In the film, David Norris (Damon) is an up-and-coming politician who is running for senate in New York. Dubbed as the youngest congressman ever elected to office, he ends up being a little too young, as a college reunion folly single-handedly manages to cost him the election. While preparing for his post-election speech, he encounters a dancer and, in that moment, a wedding crasher, Elise (Blunt), who encourages him to speak from the heart instead of the crap that's fed to him by expensive analysts and consultants. It works, and despite losing, David is well on his way to a win in four years.
All of this was part of the plan. Norris was supposed to meet this woman once and forget about her. But a mistake allows him to meet her again, by chance, the next day, and the seeds are planted for a three year chase for the girl of his dream. That of course doesn't sit well with the "adjusters", a group of people sent to make sure everything goes according to "the chairman's" plan, as they try to do everything they can to get into David's way.
There really isn't much that's unrealistic about the film once you forget that these "adjusters" can open doors that lead to the other side of the city and the references to them being angelic and their "chairman" being God. The Adjustment Bureau is really meant to be a grounded story about two characters who love each other, and who will stick by each other no matter what anyone puts in their way, no matter how strong or how omnipresent and ubiquitous they might seem to be.
But in the end, you can tell that the producers and the writer were holding a lot back when making this. The religious themes introduced by Nolfi could have been somewhat controversial, and you can tell by all the delays the film's release suffered, and the fact that scenes were re-filmed months after production was wrapped that it's likely that the studio may have thought the film pushed a few buttons in its original form. These religious themes could be interpreted in many different ways. But I don't believe Nolfi when he says that the "intention of this film is to raise questions". I believe he was held back by an uncertain studio and distributor, and it's really a shame, because the film has a lot more potential than the final product.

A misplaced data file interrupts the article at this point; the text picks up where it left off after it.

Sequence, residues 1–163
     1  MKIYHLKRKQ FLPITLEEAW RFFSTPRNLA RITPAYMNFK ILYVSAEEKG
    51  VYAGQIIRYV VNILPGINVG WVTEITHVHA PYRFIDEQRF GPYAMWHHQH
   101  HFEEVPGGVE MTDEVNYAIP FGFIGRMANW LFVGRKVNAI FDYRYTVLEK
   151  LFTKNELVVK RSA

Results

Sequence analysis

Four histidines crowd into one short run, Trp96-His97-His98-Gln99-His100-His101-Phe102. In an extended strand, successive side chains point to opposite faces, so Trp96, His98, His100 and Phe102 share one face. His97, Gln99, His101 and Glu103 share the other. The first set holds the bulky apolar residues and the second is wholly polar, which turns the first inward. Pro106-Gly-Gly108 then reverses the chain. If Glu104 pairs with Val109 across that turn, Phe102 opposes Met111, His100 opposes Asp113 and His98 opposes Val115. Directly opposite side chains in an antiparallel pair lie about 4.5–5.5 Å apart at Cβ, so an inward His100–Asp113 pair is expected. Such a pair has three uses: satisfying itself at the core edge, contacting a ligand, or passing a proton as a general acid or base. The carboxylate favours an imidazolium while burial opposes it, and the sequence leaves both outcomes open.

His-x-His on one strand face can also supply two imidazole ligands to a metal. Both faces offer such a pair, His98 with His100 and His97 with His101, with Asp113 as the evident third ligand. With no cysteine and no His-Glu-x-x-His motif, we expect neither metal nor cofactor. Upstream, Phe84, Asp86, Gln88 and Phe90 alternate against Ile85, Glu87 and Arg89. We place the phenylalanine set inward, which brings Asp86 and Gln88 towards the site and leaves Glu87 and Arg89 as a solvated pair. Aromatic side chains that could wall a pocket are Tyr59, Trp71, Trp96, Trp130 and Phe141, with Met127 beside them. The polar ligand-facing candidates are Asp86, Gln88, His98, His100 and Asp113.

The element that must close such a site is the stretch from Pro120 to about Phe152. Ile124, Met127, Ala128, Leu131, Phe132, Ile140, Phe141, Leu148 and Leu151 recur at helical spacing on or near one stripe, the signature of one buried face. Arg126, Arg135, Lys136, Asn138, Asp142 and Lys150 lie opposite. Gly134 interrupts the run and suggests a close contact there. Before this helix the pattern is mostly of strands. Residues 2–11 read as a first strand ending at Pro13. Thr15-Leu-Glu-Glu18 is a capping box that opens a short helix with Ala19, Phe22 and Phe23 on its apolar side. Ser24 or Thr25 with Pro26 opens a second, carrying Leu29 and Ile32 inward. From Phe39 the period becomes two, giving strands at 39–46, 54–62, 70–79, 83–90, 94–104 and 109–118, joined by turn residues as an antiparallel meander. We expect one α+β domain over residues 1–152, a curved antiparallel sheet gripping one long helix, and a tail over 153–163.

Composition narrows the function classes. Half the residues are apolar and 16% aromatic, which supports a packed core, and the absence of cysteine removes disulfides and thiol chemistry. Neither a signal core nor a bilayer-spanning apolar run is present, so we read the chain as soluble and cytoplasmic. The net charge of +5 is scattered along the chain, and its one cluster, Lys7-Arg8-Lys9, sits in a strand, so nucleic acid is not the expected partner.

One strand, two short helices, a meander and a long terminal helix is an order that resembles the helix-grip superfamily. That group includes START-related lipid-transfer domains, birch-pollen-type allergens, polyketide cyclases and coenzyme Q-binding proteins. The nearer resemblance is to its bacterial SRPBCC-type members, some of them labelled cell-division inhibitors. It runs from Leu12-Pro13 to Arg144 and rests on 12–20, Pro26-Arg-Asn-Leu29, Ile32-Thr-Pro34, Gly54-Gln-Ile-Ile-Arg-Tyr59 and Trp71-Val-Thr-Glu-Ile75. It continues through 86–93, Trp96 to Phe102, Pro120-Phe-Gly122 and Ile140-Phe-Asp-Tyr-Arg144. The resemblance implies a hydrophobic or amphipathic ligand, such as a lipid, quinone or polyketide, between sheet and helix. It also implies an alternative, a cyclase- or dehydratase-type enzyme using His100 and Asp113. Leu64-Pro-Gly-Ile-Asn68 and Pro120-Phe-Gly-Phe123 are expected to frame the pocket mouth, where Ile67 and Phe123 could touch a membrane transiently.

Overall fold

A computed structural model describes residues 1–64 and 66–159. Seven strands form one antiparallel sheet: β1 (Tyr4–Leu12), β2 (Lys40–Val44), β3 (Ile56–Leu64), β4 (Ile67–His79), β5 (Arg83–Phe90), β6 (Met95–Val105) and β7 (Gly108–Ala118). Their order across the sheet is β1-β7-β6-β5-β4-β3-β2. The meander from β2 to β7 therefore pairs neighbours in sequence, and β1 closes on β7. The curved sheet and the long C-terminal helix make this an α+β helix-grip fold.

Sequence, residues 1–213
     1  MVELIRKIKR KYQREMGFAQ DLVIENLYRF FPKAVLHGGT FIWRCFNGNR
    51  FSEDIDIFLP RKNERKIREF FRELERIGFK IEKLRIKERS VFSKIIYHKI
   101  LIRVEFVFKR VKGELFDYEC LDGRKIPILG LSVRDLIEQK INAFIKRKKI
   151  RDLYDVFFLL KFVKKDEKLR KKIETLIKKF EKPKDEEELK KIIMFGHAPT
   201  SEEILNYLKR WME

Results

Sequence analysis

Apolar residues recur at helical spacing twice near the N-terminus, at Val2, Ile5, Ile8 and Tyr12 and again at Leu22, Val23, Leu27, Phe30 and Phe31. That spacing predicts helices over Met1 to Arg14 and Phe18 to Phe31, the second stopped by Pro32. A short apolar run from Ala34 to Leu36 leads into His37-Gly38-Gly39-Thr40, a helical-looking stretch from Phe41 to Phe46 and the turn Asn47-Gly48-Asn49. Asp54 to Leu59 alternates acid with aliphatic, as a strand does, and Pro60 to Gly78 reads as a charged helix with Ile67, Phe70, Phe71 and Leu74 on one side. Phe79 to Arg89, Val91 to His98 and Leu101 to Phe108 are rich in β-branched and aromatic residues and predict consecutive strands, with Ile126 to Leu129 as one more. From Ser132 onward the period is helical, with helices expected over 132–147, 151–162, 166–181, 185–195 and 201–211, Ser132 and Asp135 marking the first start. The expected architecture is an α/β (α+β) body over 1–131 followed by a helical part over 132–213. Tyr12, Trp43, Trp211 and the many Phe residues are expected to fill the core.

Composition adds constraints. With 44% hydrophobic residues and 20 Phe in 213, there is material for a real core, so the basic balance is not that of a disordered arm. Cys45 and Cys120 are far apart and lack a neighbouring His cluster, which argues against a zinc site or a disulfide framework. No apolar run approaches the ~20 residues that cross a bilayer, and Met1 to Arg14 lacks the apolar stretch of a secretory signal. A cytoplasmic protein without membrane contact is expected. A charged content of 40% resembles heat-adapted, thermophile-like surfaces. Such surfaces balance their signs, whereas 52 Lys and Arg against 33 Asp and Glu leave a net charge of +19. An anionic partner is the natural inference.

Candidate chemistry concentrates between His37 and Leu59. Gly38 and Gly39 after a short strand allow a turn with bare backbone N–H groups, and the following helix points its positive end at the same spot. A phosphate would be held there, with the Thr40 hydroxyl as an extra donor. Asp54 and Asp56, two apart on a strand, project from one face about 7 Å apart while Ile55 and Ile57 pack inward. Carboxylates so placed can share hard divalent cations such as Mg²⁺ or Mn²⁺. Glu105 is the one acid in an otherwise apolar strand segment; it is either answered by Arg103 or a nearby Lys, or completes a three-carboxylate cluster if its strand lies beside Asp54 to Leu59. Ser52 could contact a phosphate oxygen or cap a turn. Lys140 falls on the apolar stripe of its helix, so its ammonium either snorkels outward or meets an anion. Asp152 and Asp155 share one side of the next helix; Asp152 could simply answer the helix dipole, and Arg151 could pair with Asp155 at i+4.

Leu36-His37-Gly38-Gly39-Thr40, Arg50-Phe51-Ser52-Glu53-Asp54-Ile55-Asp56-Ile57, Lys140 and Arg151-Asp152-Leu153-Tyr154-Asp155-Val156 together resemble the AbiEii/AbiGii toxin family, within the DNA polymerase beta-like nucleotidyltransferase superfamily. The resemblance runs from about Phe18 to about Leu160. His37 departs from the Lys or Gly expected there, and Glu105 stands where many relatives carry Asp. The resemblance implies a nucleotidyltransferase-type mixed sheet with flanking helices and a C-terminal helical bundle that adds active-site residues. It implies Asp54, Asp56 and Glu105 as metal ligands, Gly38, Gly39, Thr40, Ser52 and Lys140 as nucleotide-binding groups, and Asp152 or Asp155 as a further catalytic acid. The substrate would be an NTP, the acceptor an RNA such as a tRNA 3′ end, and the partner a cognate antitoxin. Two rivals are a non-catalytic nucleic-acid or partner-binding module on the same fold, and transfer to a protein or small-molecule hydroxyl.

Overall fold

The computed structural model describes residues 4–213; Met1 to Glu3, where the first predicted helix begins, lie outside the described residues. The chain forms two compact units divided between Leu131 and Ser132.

Still, it didn't stop me from enjoying The Adjustment Bureau and the story and themes it puts forth, but one has to think that the intention of George Nolfi was to make something a little more inspiring, a little more daring, a little more like what Philip K. Dick would have likely done, and the end-product suffers from that "what if" syndrome.
You can call Nolfi's film many things, but one thing you cannot call it is daring. Roger Ebert put it best when he said ""The Adjustment Bureau" is a smart and good movie that could have been a great one if it had a little more daring. I suspect the filmmakers were reluctant to follow its implications too far" in his review. And that's where it falls short of being a true tribute to one of the 20th century's greatest writers.
Nevertheless, this shouldn't stop you from going to see another good film from Matt Damon. Better With Popcorn scores "The Adjustment Bureau" a 7.5 out of 10.